Watch Out for Real Impact of Tax Proposals
Appearances can be deceiving. Take, for example, tax proposals in the Planning and Development Committee that might seem like good ideas for cash-strapped cities and towns but would actually create a series of unintended, and unfortunate, budget consequences for Connecticut municipalities, taxpayers and businesses.
CBIA testified before the committee this week against the measures that would give cities and towns greater authority to levy taxes. The problem is, they are not really not the panacea some would hope.
SB 64 would allow cities and towns to raise revenue by such alternate means as local sales and income taxes, provided they correspondingly reduce the property tax.
Local sales and income taxes would actually create a good reason for local businesses, such as retailers, restaurants, repair shops and more, to opt out of the taxing community and relocate elsewhere.
Then there’s the reality of how new taxes would boomerang on local government budgets. Most municipalities don’t have the personnel or expertise to administer new taxes, especially in times of severe budget crunches.
One of the busiest areas of the state’s Department of Revenue Services is the sales and use tax section. Imagine the cost impact on local governments if they had to add that to their administrative duties.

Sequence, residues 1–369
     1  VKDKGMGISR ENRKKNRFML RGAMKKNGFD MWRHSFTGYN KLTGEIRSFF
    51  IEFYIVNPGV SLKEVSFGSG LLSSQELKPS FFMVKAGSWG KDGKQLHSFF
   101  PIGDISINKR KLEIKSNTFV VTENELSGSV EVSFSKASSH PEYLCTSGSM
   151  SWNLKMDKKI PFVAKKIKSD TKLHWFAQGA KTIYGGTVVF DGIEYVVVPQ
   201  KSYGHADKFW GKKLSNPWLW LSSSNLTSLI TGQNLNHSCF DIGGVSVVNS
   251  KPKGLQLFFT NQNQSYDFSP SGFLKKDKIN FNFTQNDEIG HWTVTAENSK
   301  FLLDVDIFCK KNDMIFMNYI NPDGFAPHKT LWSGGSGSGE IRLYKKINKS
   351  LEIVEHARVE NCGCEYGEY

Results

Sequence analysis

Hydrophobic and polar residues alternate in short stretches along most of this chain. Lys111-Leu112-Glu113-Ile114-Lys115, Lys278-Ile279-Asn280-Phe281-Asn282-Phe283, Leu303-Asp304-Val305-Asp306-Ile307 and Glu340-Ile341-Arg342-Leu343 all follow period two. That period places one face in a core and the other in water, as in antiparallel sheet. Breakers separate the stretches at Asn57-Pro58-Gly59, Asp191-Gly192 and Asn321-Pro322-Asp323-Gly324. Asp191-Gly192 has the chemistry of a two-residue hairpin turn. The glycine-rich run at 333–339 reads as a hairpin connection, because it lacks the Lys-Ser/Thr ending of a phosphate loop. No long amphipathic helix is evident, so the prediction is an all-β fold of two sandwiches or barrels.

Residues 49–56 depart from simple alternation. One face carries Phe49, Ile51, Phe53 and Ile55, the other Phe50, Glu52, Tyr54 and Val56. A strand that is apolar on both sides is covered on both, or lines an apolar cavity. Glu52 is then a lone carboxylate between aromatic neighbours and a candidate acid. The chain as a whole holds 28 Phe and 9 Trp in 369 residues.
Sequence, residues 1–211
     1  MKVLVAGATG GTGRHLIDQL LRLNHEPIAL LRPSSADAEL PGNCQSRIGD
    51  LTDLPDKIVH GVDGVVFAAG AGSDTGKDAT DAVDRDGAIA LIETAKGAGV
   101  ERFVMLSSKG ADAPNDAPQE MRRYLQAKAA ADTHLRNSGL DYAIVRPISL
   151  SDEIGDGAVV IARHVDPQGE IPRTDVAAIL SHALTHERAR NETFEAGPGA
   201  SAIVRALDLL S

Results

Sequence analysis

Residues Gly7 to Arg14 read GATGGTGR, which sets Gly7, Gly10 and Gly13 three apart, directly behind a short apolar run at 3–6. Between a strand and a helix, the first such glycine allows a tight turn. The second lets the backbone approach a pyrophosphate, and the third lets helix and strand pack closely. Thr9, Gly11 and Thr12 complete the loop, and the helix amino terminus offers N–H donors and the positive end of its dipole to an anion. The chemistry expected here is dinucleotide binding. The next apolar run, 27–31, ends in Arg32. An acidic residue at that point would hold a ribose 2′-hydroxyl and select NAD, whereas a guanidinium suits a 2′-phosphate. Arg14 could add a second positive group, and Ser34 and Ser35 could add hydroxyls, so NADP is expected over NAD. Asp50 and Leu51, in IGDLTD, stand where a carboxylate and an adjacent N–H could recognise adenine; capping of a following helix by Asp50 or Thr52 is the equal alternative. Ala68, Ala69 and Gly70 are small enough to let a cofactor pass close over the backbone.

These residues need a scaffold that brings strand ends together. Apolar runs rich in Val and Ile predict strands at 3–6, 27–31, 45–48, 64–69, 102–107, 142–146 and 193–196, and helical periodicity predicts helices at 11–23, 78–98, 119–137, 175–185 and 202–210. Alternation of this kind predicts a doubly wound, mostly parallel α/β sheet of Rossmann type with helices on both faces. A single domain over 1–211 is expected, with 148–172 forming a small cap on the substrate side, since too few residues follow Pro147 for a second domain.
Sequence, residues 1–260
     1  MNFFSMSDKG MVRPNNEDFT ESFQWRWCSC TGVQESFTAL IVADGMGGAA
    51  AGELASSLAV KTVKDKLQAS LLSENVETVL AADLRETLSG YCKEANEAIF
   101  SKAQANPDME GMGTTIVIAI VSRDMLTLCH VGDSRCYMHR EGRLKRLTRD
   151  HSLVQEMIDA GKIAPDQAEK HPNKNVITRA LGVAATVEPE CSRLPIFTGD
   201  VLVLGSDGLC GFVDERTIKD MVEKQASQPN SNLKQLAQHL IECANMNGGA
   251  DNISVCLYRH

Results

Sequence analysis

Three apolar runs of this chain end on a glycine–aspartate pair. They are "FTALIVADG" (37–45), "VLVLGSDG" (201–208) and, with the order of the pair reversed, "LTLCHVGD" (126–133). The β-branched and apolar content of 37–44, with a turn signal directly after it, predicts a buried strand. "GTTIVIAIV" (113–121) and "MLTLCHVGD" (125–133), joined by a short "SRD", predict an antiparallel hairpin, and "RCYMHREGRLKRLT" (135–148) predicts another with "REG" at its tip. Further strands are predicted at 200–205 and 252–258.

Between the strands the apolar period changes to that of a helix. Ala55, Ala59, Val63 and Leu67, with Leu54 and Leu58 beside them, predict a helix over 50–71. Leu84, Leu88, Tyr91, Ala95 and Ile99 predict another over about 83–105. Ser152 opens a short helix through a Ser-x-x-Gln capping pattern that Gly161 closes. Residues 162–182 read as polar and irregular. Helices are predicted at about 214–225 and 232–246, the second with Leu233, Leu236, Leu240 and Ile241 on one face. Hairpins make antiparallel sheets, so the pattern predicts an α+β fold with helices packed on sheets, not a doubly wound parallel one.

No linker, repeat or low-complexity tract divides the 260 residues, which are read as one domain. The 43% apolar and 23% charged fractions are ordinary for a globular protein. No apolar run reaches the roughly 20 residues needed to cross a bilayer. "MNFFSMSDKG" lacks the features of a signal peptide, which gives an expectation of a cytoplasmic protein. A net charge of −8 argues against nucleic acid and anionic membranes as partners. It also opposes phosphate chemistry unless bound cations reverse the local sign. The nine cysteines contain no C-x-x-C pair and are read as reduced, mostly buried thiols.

SB 130 would allow local municipalities to adopt different tax classifications for certain properties. The aim is to put a higher tax rate on undeveloped properties in order to force their owners to develop them.
Better policy would be to make it easier and more cost-effective to clean up contaminated properties in Connecticut—something that developers and others have been trying to get state government to do.
At the least, lawmakers should do a comprehensive study of the pros and cons of such a proposal to see if it really would be a good move for the state. Many urban areas are encouraging some open space around buildings to improve the look and feel of areas as well as to increase pedestrian traffic.
No relief for businesses
SB 898 would authorize municipalities to provide property tax relief to low and moderate-income homeowners. By itself that’s a laudable goal, but the reality is that it wouldn’t occur “by itself”–it would shift local tax increases onto Connecticut businesses, many of whom may not be able to afford it.
Under the bill, some property tax obligations of low- and moderate-income individuals would be shifted onto businesses. Since commercial and industrial property owners would not be eligible for the exemption, their taxes would increase.
Taxes on employers’ real and personal property would increase. Because businesses pay taxes on a much broader range of items than do individuals, such as on furniture, fixtures, computers and certain machinery and equipment, the hit would be harder on businesses.
Ultimately, the impact of SB 898 would be to put the brakes on efforts to improve the state’s economic climate—which is not what lawmakers say they want to do.
It’s very important for lawmakers to understand the full impact of tax measures. Approving a benefit for some is likely to disadvantage others.
The best way to reduce Connecticut’s tax burden is to get the state’s economy fully working again, not by devising tax schemes.
For more information, contact CBIA’s Bonnie Stewart at 860.244.1925 or email@example.com.
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